The Balloon Farm

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For other uses, see Balloon Farm (disambiguation).
The Balloon Farm
Origin New Jersey, United States
Genres Garage rock, psychedelic rock
Labels Laurie
Associated acts Melanie
Past members Mike Appel
Don Henry
Ed Schnug
Jay Saks

The Balloon Farm, an American musical act from New Jersey, took its name from a New York City nightclub.[1] It is best known for its sole hit song, "A Question of Temperature," which made the Billboard charts in February 1968, peaking in the top 40.

Two members of the band, Don Henny and Ed Schnug first played together in a band called Adam,[2] which made one single for the Mala label entitled "Eve" in 1966.[1][3] Adam's gimmick was that all four members of the group adopted the first name "Adam".[1] They were probably not the first to use this idea, but they were far from the last; a similar ruse would be used by other bands, including The Donnas.

After Adam disbanded, Henny and Schnug were joined by Mike Appel and Jay Saks and adopted the name The Balloon Farm.[2] The band's first single was "A Question of Temperature," which was released in October 1967.[1] First pressings of the 45 rpm single contained a typographical error that rendered the title as "A Question of Tempature". Another typo, which was never fixed, was the name of the song's producer, Peter Schekeryk, which was spelled "Shekeryk", even after the title of the song was fixed.[citation needed] The single reached a peak of #37 on the Billboard Hot 100,[3] and in the years since has become something of a garage-psych classic. It has appeared on numerous thematic compilations, including the Rhino box set, Nuggets, Acid Dreams.

The follow-up single "Hurry Up Sundown" flopped, and the Balloon Farm was dropped by Laurie before it was able to record an entire album. However, one of the band's unreleased songs, "Sunshine Rides on a Trolley" (also known as "Sunshine Rides on a Trolley Car"), was recorded in Australia by Robbie Snowden, who had a moderate hit with it in 1967.[1]

Later in 1968, the Balloon Farm resurfaced with yet another new name, Huck Finn, and one single on the Kapp label, "Two of a Kind".[1] After that, the band broke up.

Three people involved with the hit "A Question of Temperature" gained greater fame in the 1970s. Schekeryk would become Melanie's manager and husband. Arranger, Charlie Morrow would become internationally known for jingles including Hefty Wimpy, large scale art events like TootN Blink and New Wilderness International Solstice celebrations and, in the new millennium, the invention of MorrowSound True3D 3D audio effect. Appel, after cowriting "Doesn't Somebody Want to Be Wanted" and several LP cuts for The Partridge Family, would become the first manager of Bruce Springsteen.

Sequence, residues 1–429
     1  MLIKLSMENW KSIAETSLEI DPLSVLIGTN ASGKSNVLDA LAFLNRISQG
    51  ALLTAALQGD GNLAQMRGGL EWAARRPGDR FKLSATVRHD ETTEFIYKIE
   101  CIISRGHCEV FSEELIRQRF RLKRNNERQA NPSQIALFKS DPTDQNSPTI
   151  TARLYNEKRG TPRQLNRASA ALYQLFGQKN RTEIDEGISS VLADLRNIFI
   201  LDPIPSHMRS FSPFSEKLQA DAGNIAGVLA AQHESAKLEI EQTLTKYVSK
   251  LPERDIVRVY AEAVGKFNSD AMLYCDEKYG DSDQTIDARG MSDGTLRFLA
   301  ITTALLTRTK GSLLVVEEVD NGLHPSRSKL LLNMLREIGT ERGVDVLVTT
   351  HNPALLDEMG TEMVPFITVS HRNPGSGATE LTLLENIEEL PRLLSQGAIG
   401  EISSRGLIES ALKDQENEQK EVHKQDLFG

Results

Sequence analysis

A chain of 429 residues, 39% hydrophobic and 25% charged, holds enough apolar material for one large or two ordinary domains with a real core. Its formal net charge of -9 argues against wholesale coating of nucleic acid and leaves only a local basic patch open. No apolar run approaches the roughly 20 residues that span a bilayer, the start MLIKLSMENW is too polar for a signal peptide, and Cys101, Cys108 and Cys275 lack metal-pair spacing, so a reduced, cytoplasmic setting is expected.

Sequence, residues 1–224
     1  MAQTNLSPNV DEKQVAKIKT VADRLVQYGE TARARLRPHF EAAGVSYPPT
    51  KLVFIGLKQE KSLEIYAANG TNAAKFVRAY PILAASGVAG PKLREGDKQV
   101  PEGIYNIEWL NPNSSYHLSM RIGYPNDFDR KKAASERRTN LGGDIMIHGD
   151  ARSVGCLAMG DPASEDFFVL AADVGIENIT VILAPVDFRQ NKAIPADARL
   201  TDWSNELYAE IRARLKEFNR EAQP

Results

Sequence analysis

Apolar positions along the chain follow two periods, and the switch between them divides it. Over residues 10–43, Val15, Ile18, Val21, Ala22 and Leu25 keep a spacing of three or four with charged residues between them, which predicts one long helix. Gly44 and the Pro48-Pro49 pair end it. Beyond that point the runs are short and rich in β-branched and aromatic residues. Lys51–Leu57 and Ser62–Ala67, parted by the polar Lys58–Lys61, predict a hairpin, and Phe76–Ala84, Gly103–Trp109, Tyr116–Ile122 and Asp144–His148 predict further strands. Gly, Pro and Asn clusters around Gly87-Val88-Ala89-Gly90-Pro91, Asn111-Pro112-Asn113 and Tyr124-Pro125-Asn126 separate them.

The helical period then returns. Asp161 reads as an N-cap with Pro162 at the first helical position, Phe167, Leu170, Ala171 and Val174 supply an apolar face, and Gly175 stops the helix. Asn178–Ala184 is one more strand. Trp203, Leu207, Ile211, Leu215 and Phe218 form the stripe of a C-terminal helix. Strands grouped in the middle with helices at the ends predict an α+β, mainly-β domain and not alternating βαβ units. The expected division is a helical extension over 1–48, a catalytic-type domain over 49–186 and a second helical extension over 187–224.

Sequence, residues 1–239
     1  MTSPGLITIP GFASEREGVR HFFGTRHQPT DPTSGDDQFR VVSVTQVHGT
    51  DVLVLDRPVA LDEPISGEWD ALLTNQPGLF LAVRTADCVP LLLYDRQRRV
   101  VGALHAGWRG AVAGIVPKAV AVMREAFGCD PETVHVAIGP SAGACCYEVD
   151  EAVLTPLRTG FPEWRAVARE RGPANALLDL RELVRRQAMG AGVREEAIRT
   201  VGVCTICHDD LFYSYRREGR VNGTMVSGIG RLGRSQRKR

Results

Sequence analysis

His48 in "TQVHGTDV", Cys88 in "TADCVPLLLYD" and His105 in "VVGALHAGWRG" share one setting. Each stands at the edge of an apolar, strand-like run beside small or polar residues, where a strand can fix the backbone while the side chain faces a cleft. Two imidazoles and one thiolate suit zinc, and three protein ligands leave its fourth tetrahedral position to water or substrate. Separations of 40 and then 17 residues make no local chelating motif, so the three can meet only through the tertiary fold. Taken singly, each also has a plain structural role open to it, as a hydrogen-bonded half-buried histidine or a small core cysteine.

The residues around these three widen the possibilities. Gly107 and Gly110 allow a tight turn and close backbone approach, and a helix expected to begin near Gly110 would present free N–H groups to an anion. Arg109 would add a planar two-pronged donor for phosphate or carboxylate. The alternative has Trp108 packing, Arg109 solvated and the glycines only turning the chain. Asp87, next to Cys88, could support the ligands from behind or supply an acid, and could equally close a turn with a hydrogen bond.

Notable covers[edit]

"A Question of Temperature" was recorded by Brownsville Station on its 1973 album Yeah!, the same LP on which "Smokin' in the Boy's Room" appears. It was recorded in 1974 by TNT, a Harrisburg PA area garage band led by Erik Lindgren, and appears on their CD "Mod Psych Power Pop from Central PA." It was recorded by several artists in the 1980s, including The Lords of the New Church on their debut album, Mindflux, Human Sexual Response, Julian Cope as a B-side to "Charlotte Anne" in 1988, and the Vancouver-based punk band The Young Canadians.

References[edit]

  1. ^ a b c d e f "Where Did They Get That Song?". Retrieved 2007-05-25. 
  2. ^ a b "Sunshine Rides On A Trolley - ROBBIE SNOWDEN (1967) - Pop Archives - Sources of Australian Pop Records from the 50s, 60s and 70s". Pop Archives. Retrieved 2014-08-23. 
  3. ^ a b Whitburn, Joel (2002). Top Pop Singles 1955 to 2002. Menomonee Falls, Wis.: Record Research. p. 37. ISBN 0-89820-155-1.